Debian, Ubuntu, CentOS, or Windows? This is the first thing you ask yourself when you contemplate the technology stack (operating system, web server, WSGI server, RDBMS) to use for Django.
Short version: Use Ubuntu LTS 64-bit.
Note: I use the term “GNU/Linux” below, which is a more precise term for the systems more often called “Linux”. Ubuntu, Debian and CentOS are all GNU/Linux systems.
Installing Django is way easier on GNU/Linux than on Windows. Even if you already know Windows and are clueless on GNU/Linux, learning GNU/Linux plus installing Django is probably going to be easier than installing Django on Windows. Even if it turns out to be harder, on the long term (and by “long” I mean one or two months) it’s going to be more economical in terms of manpower. Same in terms of hardware; very often Django apps can run perfectly on 512 MB of RAM. And there’s also licensing costs. I haven’t encountered any reason for running Django on Windows other than that there might be a Windows-only company policy or a similar requirement on a RFP of a public organization. Policies aren’t divine law, however, and it is often a good strategy to explain to the people involved that the policy is suboptimal.
If you are a Windows person and want to deploy Django on GNU/Linux, I have a free email course that teaches you the basics. You can subscribe to it at the end of this post.
I used RedHat Linux back in 1998, but didn’t like it much and two years later I changed to Debian (CentOS is practically the same as RedHat). I have never used it again since. From what I read, it has fewer packages and more problems than Debian. However you might want to use it if you already know it.
Debian and Ubuntu
These two operating systems are practically the same system. I normally recommend Ubuntu, mostly because it’s more popular and therefore has better support by virtual server providers. Ubuntu’s Long Term Support versions also have five years of support instead of only three for Debian (though recently Debian has started to offer LTS support but it’s kind of unofficial). On the other hand I feel that Ubuntu sometimes rushes a bit too much to get the latest software versions in the operating system release, whereas Debian can be more stable; but this is just a feeling, I have no hard data. I also encounter some nuances in certain details in Ubuntu. I use Debian, but this is a personal preference because sometimes I’m too much of a perfectionist (with deadlines) and I want things my own way.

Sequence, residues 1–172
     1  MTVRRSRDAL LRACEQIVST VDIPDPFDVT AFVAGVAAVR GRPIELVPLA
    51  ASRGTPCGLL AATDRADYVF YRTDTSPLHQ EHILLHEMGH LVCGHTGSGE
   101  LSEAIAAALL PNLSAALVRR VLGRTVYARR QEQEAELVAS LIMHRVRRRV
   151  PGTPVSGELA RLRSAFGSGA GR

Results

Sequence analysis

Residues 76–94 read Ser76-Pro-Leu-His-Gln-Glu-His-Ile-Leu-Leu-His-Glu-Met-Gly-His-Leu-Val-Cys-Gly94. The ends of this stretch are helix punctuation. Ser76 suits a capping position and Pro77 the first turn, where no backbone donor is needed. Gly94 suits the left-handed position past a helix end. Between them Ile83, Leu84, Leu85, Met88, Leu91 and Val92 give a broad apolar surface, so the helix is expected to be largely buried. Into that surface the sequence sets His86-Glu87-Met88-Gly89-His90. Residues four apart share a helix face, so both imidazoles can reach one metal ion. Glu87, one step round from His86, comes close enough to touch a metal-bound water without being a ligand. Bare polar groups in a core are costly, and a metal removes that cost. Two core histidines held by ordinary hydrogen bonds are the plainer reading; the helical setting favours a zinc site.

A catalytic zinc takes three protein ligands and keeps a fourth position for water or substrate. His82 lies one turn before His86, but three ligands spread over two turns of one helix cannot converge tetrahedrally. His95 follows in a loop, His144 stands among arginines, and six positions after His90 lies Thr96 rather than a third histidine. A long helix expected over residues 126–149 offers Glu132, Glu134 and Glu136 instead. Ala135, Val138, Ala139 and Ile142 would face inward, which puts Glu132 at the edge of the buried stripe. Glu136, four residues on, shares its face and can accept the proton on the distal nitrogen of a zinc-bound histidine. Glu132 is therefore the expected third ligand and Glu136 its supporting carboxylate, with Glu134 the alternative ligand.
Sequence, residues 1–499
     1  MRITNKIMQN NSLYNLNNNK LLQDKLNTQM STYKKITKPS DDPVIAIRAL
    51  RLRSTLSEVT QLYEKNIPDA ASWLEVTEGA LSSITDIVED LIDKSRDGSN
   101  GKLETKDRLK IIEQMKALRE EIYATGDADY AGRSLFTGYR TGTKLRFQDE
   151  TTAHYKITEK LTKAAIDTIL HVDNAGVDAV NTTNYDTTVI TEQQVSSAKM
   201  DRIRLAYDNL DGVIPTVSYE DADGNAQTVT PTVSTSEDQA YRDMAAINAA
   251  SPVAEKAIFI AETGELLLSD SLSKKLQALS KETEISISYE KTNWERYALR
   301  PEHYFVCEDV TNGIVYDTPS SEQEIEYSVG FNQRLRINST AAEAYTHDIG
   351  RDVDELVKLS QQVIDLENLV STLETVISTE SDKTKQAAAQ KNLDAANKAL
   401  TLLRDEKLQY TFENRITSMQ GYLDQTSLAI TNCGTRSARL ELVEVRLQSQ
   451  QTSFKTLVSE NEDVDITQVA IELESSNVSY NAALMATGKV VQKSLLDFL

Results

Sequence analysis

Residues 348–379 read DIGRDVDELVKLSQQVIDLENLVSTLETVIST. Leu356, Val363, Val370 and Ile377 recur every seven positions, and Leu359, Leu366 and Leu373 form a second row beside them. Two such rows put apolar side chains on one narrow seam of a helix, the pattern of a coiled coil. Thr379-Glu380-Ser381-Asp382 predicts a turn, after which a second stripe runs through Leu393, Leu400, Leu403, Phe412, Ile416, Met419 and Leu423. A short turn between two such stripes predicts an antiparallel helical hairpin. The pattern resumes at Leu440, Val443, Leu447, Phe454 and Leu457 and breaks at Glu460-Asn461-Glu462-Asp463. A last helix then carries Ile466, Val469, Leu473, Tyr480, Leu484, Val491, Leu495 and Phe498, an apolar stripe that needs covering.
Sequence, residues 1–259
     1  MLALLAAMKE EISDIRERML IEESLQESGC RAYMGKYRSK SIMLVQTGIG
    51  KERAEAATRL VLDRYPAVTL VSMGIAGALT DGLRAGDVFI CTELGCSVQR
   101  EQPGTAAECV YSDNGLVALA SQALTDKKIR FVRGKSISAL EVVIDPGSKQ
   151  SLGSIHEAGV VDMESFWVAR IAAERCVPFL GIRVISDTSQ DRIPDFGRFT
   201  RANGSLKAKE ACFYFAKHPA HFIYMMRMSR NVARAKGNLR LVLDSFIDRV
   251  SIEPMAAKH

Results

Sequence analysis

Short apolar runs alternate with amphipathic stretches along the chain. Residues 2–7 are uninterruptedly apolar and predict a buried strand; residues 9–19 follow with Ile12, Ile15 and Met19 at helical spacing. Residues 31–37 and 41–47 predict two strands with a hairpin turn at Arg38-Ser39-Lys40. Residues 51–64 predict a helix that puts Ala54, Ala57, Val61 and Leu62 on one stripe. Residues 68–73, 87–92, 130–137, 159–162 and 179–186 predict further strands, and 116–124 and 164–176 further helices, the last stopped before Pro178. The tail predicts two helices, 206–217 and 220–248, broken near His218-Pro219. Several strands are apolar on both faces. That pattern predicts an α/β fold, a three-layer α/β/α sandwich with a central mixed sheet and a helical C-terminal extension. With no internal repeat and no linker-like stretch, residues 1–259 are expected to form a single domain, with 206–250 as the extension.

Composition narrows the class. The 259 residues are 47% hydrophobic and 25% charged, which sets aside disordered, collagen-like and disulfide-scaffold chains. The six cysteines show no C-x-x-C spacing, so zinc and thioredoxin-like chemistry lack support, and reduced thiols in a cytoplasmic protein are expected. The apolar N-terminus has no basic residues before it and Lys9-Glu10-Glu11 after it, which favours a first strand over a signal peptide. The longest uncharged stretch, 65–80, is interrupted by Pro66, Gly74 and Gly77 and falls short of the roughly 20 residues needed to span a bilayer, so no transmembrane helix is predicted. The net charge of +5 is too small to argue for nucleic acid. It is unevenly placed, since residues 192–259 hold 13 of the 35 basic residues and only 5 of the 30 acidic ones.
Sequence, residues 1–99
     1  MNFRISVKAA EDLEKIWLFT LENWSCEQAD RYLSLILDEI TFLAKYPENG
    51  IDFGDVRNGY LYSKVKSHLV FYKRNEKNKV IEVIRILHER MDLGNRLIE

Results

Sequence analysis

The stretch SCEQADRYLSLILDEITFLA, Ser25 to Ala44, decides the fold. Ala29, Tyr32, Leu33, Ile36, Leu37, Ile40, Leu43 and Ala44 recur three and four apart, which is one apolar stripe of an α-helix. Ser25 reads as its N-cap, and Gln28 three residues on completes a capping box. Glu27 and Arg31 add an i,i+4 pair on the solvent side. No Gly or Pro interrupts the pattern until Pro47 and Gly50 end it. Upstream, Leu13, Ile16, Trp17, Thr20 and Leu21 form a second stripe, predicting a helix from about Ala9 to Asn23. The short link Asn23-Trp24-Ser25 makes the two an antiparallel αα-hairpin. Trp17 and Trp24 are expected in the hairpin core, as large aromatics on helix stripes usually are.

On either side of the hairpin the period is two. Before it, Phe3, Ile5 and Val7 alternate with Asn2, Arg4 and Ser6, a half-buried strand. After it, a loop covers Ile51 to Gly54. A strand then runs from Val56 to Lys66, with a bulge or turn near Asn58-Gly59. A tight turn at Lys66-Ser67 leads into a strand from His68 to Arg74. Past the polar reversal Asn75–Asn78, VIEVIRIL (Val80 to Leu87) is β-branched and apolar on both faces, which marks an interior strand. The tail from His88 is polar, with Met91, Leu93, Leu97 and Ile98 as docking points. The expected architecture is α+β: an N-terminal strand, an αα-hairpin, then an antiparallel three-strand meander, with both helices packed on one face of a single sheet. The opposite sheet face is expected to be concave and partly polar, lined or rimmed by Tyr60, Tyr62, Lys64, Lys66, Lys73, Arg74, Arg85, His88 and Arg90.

In Ubuntu’s version numbering, the first number is the year and the second is the month; so 16.04 was released in April 2016. The LTS versions are the ones released in April of even years, so the next LTS version will be 18.04. I don’t see why someone would use the 32-bit version, which can support only up to 4 GB of RAM, so choose the 64-bit version. Don’t choose a non-LTS version; support for these lasts less than a year, and it is too little.
There are also the BSDs, and there are also the big commercial Unixes. You can perfectly deploy Django on these. If you intend to do so, I wonder why you are reading this post.
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